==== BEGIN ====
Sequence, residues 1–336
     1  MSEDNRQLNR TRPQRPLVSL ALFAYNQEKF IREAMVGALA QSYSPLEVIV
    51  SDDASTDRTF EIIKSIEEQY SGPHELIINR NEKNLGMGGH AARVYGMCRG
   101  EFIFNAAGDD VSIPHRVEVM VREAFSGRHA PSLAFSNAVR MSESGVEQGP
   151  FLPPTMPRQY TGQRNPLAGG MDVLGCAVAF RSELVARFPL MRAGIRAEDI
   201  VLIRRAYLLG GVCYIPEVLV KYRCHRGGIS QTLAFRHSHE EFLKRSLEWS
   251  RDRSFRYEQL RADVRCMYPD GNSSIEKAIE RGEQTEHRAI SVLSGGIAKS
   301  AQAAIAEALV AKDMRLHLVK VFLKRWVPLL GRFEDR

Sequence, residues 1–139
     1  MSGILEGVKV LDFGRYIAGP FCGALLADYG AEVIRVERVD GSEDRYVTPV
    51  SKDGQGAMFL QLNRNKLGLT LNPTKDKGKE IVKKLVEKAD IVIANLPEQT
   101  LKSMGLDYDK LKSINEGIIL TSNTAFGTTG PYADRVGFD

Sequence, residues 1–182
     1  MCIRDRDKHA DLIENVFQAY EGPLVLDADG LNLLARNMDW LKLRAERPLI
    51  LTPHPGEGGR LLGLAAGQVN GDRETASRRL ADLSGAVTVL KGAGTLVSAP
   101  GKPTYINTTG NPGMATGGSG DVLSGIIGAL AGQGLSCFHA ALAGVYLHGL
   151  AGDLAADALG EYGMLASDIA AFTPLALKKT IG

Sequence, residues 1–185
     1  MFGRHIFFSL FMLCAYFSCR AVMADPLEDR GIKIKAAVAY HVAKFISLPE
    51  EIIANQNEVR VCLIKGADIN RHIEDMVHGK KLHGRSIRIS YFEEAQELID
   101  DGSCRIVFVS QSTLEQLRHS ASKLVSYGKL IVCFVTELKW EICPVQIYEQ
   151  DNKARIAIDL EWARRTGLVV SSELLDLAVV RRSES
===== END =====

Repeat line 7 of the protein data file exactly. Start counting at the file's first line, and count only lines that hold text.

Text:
   251  RDRSFRYEQL RADVRCMYPD GNSSIEKAIE RGEQTEHRAI SVLSGGIAKS